The best breaks involve putting your phone down and doing something you love. Taking a walk around the block and looking at the trees in your neighborhood, tackling a project you’ve been meaning to do in your garage or kitchen. Calling a friend that can help keep you positive. 

When it comes to staying motivated, one of my biggest tips is to write down where you see yourself in a year. Grab a pen and a physical piece of paper, and write down what a positive day in life would be for you if you were doing what you (realistically) wanted to be doing in a year. Visualizing what your life would look like is really helpful to start building tasks to get you from where you are at the moment to where you want to be. 

– Shana Bull, Children’s Book Author at ShanaBull.com

 

 

What are writing affirmations, and how can they help me?Affirmations are positive statements that help to focus our minds, bodies, and spirits on the desired outcome. We can write our own affirmations about a situation, circumstance, or even a health issue, and write them daily in a journal or on a yellow sticky note to add to the bathroom mirror!

The great Louise Hay, the founder of Hay House Publishing, was one of the first people in the Western world to understand that our own inner dialogue affects our biology – therefore positive language in the form of written and spoken affirmations creates positive endorphins (feel-good chemicals) in our bodies. Over time, writing down your own inspirational affirmations that you have created, or affirmations that inspire you from others will help change your mind for the better by increasing the endorphin levels in your body and raising your health and wellbeing.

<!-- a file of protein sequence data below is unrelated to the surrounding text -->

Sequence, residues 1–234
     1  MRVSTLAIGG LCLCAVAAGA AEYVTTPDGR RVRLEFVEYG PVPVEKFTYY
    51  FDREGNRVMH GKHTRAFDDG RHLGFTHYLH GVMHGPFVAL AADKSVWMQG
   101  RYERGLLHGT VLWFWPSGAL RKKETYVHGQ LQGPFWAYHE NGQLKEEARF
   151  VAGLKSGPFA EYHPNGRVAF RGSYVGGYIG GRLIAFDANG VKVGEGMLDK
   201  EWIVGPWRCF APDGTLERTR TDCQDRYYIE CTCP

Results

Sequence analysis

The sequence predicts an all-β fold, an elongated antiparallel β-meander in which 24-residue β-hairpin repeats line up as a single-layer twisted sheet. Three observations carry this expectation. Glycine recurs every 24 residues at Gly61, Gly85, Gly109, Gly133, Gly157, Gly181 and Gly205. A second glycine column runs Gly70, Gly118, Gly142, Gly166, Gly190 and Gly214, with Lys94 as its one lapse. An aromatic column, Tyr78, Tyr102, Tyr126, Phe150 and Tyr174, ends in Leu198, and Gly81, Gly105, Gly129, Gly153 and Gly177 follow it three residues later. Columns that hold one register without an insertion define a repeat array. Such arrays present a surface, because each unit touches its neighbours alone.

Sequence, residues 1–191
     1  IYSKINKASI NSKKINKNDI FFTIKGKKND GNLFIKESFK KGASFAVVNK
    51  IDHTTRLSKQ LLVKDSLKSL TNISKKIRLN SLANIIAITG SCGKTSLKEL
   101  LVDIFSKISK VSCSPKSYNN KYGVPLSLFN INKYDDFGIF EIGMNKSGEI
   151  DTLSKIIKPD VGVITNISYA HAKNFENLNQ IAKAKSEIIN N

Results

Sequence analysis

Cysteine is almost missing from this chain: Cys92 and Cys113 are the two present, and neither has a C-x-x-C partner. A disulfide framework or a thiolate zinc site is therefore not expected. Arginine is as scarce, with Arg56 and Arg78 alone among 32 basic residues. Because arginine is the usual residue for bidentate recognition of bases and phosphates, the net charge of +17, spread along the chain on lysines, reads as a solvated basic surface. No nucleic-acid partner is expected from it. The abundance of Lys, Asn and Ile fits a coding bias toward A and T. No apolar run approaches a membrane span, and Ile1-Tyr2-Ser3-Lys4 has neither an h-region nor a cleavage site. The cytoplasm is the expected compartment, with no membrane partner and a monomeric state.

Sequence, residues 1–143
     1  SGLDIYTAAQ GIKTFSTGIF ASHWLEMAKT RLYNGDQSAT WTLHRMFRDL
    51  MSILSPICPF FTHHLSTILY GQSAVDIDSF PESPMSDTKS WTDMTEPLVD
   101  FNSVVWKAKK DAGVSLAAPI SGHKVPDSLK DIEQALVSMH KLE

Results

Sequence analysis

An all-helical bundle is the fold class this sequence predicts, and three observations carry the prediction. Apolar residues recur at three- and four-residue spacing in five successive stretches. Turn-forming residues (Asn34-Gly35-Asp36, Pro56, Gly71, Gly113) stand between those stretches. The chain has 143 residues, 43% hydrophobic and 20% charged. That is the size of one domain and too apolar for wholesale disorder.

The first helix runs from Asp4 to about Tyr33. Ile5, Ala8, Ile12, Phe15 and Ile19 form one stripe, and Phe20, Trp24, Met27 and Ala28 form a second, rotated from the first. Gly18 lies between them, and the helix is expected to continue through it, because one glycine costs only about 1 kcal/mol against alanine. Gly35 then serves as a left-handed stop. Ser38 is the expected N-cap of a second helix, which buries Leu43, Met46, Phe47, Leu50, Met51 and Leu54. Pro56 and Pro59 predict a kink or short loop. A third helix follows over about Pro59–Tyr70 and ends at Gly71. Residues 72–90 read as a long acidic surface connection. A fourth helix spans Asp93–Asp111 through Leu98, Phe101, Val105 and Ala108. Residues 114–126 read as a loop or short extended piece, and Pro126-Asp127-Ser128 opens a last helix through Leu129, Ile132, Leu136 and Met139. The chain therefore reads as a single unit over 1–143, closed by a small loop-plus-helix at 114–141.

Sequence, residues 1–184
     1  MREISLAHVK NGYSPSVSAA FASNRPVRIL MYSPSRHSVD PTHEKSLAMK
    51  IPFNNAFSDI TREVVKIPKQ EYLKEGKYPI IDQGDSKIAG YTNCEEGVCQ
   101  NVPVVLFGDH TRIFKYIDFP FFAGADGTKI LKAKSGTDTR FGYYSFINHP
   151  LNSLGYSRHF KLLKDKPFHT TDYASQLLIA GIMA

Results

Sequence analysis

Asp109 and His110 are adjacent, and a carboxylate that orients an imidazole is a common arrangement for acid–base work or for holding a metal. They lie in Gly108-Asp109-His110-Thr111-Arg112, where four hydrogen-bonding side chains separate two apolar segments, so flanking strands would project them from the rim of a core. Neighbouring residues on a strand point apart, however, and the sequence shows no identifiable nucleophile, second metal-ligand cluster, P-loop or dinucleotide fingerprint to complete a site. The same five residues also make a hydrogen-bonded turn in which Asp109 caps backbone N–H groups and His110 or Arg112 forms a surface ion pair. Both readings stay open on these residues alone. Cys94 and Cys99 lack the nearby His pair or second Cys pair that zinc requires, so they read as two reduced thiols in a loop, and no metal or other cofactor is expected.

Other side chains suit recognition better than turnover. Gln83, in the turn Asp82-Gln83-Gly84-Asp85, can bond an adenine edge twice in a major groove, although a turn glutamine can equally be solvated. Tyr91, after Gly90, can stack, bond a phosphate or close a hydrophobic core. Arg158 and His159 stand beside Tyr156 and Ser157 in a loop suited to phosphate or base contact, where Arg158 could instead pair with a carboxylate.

– Sarah Lawrence at Mom On A Spiritual Journey

 

 

  • How can I start to be more productive throughout the day?

The number one thing you can do to increase your productivity is to begin your day with a plan. If you want to spend more time on the projects, activities, and relationships that are most important and meaningful to you. You can’t meander through your day, it requires intentional effort. Planning and prioritizing your time can be as simple as taking a few minutes each morning to jot down what you want to focus on throughout the day. And remember, tasks often take much longer than we anticipate, so give yourself plenty of time to complete each item.

– Matt at Matt East

 

 

  • What is mindfulness, and how can I add it to my daily routine?

Mindfulness isn’t something that you do. It’s a quality of attention that you bring into whatever you are doing now. Be fully present with what you are doing now. 

– Adrian at The Now Project

 

 

  • What is timeblocking, and how to implement it in my daily routine?

Timeblocking is carving out time in your calendar for doing specific tasks or projects. Generally, you add events to your calendar with the task or project name and the time you need to complete it. This helps you keep that focus time and provides more incentive for completing it. You can start by simply adding your daily or weekly tasks to your calendar or using a tool like Taskable that makes it easy to drag your tasks into your calendar.

– Matt Johnson at Taskable

 

 

  • How to overcome procrastination?